Kroes thinks Euro-train should just keep rolling on

2 June 2005

Kroes thinks Euro-train should just keep rolling on

The ink on the referendum result is hardly dry and yet the European train is already rumbling onwards at full speed. This morning the Netherlands' European Commissioner Neelie Kroes declared that “the Dutch all want to see a free market in services.” Obviously the significance of the Netherlands' No has not sunk in. SP Euro-MP Kartika Liotard: “With her blinkers on she's going to get on with forcing through the Bolkestein Directive, a typical reaction from the political elite.”

The morning news was dominated by the rejection of the constitution and the idea that Dutch people feel that Europe is moving too quickly and doing too much without their involvement. Despite this, Ms Kroes managed to carry on through the tumult as if absolutely nothing had happened. Without the slightest scruples she interpreted yesterday's overwhelming result in her own inimitable style: Dutch people want nothing more than more freedom of exchange for all services in Europe. The Bolkestein Directive must, as far as she is concerned, be introduced without delay.

In France, this directive was one of the most important reasons why people voted against the constitution. In the Netherlands, also, the citizens let it be known in no uncertain terms that they wanted their voices to be heard before decisions which might have drastic consequences were forced through in Brussels. These lessons were clearly lost on Kroes. On top of the debate over the constitution itself, the strength of feeling in the Netherlands regarding the services directive should not be underestimated. It would be an extremely bad sign if Brussels were immediately now to return to its old ways.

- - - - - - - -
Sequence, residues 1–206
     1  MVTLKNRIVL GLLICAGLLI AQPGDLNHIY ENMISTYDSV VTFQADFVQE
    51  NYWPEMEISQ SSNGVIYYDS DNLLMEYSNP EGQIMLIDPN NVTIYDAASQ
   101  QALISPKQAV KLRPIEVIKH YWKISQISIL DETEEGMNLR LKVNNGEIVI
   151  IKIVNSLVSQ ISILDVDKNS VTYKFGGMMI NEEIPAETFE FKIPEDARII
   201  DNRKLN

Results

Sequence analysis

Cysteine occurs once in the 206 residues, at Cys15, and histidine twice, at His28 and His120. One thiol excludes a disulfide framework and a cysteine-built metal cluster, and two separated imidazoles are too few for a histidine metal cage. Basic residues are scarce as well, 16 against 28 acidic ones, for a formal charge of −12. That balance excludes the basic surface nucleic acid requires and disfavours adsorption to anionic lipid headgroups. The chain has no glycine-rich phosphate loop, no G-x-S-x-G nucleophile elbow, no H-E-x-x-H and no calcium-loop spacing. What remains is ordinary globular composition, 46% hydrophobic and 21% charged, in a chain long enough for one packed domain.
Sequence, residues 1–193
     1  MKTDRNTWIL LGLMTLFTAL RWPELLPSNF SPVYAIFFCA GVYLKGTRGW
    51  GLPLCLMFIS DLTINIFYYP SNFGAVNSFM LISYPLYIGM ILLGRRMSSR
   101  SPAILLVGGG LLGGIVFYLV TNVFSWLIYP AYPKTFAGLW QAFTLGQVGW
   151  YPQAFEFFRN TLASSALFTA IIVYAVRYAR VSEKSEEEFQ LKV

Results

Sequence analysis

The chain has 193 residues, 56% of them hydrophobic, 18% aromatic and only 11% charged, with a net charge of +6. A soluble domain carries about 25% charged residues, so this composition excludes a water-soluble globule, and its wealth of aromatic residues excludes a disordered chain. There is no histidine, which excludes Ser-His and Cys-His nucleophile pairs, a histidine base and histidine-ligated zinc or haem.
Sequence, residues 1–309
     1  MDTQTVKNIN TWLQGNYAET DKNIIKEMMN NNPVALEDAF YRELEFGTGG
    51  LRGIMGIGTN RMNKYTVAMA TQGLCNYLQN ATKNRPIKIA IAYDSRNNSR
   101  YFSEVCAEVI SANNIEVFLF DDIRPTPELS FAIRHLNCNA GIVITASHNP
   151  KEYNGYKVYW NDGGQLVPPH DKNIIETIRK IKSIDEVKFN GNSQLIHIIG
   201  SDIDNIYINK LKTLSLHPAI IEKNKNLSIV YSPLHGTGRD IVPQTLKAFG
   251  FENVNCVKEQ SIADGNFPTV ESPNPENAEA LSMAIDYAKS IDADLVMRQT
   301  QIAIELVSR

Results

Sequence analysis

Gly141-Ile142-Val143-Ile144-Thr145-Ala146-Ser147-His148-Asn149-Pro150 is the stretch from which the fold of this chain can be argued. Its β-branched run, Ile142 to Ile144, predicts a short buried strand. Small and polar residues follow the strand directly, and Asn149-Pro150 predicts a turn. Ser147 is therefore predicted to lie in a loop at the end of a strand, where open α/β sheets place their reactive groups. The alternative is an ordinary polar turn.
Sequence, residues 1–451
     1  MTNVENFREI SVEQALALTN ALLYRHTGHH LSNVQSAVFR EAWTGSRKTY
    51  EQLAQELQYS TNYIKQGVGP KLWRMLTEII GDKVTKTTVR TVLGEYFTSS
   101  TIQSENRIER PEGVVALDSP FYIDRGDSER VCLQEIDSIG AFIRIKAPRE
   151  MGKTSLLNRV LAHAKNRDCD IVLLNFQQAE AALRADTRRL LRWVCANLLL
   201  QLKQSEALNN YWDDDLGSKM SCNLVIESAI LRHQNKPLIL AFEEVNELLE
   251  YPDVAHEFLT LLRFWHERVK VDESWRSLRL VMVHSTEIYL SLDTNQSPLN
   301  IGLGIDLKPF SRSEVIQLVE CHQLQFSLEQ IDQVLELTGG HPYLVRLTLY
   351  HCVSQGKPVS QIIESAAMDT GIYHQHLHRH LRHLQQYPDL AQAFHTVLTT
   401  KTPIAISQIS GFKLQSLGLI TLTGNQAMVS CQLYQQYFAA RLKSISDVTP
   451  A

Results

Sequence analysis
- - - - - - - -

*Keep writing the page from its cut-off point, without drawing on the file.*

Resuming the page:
Now that the constitution referendum campaign has ended the SP believes that it is high time that the day-to-day activities and ordinary plans of the European Union were re-examined. The services directive is one such plan, a proposal whose implementation would have enormous implications for citizens and firms alike. Kartika Liotard: “There remains some uncertainty, but what is as clear as day is that the punishing tempo at which the Bolkestein Directive would see the market further liberalised is precisely what was so heavily rejected in yesterday's vote. Europe needs taking down a peg or two – after yesterday that seems obvious. Someone needs to tell Kroes that that goes for her too.”

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